What is a Black Tent Temple?
A Black Tent Temple is an enclosed tent-like or cave-like incubation chamber of sacred endarkenment. It’s designed and built especially – but not exclusively – for women and gender-non-conforming folks whose needs for darkness, retreat, stillness, withdrawal, and contemplation have gone chronically unmet.
In a culture that expects us to perform positivity by pasting on a happy face even as our suffering deepens, show up at school or work even when our bodies and souls cry out desperately for restorative leisure, and extol the virtues of love and light even as we descend into darkness, a Black Tent Temple can be a welcoming space for what Charles Eisenstein has called “mutiny of the soul.”
Need a safe holding space that is free of all talk of “love and light” and New Age transcendence? A space in which you are invited to meditate on sorrow and endings, pray to and worship dark deities, and contemplate the deep receptive power of Holy Darkness? Do you gravitate toward enclosed, intimate spaces over expansive, sweeping vistas? Then the Black Tent Temple may be for you.
My intention with the Black Tent Temple Project is not to malign or disparage the light, but to encourage appropriate respect and appreciation for the darkness. We need endarkened places of worship. Too much light can be blinding, after all. And in the US especially, I’ve noticed, we have far too many cheaply built, unattractive, utilitarian buildings that are not well aligned with the subsurface energies of the Earth. A well-designed, well-implemented, emotionally evocative Black Tent Temple can help satisfy our need to create and enjoy places of dark earthy beauty, even in the midst of otherwise unremarkable spaces.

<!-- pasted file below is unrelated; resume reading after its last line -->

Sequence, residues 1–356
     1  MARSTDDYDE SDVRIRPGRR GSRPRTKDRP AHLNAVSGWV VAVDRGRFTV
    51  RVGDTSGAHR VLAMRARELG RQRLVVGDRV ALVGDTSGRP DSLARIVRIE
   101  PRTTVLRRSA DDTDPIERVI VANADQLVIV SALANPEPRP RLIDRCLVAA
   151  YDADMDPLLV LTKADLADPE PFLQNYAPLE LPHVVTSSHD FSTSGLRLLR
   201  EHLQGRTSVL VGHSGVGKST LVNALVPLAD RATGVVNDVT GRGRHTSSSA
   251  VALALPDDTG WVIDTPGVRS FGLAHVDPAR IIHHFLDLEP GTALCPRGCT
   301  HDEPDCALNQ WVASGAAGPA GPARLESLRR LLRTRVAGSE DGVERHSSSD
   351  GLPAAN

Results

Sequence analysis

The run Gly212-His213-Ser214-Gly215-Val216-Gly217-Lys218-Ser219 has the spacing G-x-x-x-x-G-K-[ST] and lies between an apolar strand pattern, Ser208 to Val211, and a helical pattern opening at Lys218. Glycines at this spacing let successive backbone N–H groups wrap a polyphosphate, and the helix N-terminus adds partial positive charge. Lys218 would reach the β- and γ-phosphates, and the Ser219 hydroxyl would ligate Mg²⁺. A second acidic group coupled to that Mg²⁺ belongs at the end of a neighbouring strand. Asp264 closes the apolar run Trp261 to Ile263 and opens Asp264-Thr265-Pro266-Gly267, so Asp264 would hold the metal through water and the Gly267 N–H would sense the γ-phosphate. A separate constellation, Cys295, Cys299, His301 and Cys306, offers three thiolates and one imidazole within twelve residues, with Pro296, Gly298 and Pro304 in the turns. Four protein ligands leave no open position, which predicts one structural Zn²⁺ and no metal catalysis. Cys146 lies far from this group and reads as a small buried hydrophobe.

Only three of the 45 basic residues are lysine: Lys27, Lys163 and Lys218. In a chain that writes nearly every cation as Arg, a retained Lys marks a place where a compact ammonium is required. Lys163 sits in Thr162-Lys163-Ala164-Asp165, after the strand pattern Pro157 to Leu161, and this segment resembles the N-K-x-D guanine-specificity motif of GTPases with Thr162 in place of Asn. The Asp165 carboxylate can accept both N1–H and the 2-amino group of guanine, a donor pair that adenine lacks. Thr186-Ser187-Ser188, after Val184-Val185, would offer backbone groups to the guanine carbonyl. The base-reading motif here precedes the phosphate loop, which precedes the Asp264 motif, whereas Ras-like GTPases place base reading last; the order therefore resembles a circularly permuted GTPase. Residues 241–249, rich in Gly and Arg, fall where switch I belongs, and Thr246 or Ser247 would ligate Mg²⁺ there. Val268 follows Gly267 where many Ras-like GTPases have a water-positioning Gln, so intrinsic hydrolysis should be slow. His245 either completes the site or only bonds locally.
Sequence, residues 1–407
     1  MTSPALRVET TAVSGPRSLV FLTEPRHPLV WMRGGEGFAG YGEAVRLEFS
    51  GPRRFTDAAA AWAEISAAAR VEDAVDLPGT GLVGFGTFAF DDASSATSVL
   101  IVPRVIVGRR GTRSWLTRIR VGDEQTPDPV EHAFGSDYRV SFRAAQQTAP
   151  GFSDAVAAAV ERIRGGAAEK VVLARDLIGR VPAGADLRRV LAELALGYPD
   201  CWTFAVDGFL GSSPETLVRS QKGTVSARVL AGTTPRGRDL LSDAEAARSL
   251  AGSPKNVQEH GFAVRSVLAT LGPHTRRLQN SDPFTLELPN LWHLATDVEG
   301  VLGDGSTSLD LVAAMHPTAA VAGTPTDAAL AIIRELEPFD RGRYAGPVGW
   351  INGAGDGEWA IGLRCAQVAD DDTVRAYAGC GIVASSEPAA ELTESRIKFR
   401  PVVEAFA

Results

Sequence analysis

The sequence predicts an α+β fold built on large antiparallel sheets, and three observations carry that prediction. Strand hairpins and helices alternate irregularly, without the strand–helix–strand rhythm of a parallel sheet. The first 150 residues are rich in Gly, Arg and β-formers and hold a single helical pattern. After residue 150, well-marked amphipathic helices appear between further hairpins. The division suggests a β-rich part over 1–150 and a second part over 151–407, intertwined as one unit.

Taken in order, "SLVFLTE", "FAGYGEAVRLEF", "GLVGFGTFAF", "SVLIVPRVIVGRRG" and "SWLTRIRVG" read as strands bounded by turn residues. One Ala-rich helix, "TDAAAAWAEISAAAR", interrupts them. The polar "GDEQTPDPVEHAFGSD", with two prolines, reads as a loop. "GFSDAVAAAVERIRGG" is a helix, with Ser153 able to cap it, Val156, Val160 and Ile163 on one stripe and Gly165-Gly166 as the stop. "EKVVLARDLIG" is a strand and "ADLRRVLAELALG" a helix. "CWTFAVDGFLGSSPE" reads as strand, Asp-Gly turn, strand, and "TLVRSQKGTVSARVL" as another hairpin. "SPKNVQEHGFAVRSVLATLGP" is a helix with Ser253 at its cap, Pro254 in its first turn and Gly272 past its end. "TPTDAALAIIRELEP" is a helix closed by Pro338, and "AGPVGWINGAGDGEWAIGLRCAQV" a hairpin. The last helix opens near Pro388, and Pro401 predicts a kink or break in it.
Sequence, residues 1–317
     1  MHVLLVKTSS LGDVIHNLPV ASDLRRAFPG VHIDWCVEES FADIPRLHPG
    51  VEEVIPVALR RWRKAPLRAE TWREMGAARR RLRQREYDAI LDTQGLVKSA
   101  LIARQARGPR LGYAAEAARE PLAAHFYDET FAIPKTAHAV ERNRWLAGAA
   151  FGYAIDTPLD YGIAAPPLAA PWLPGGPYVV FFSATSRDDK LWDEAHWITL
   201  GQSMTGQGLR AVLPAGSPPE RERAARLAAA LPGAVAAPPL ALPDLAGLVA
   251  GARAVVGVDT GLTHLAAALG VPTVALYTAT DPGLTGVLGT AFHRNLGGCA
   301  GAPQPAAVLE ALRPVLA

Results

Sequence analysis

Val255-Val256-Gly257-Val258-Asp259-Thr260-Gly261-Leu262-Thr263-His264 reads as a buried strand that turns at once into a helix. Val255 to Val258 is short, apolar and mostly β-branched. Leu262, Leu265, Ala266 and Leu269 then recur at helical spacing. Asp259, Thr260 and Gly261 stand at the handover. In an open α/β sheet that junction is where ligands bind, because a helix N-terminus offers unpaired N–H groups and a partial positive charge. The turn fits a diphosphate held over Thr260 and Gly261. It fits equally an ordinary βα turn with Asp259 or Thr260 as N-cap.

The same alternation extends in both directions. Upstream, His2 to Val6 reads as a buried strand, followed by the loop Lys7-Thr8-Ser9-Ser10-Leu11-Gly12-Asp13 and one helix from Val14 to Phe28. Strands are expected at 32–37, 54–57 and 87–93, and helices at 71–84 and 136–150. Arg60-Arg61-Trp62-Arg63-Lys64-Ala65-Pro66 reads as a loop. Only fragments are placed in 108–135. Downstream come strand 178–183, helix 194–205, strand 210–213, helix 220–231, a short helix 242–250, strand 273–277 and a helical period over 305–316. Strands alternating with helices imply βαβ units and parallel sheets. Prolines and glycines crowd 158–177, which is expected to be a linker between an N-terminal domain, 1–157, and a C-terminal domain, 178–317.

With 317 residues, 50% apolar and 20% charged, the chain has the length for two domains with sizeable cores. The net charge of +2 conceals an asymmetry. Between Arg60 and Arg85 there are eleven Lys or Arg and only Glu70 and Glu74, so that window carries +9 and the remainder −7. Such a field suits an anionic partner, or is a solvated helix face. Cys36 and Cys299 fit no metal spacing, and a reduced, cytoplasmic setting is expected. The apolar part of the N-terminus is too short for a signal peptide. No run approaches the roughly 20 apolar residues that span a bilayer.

I’ve also been inspired by Andrew Durham’s work in designing and building darkroom retreats. In an achievement-driven culture held in thrall to the Protestant work ethic, we have precious few places for the kind of deep self-care and healing that can be found through extended time spent in solitude and darkness.
One day I hope to find a space for the Hermitage that would be appropriate for building both a subterranean Black Tent Temple and a full darkroom retreat using Andrew Durham’s DIY plans. In the meantime, I’ve taken steps in that direction by creating a shadowy Black Tent Temple incubation space at the Hermitage, and collecting images on my Black Tent Temple board on Pinterest to help convey the feeling tone I aim for with this project.
Of necessity, this space must be kept within the confines of my 550-sq.ft. studio live/work space, without interfering with the flow of daily life. To accomplish this, I installed two sets of black curtains to introduce a sense of separation between the temple space and the spaces I use for sleeping, grooming, etc. When I do incubation work, I draw the curtains closed to mark the boundaries of the space. For everyday activities, I simply leave the curtains open.
Of course, as you might expect since I’m a dark ambient music specialist, I have playlists I designed for the Black Tent Temple; they focus on themes of descent, alchemy, grief, subterranean spaces, underworld deities, and so on.
Black Tent Temple spaces can be used many ways, however. There’s plenty of room for creativity!
One of the beauties of the Black Tent Temple concept is that it’s portable. With the appropriate supplies, it can be pulled together in any suitable space. A basement, a garage, a tent at a festival, or whatever suits your needs. There’s no need to wait until a permanent temple is built.
I design and set up Black Tent Temple spaces for the communities I serve. If you’re in Portland, there’s information on my services page about engaging me to create an endarkened meditative space to suit your needs. If you like the idea, feel free to get creative and run with it on your own! I’d love to see photos and descriptions of Black Tent Temple spaces all over the world.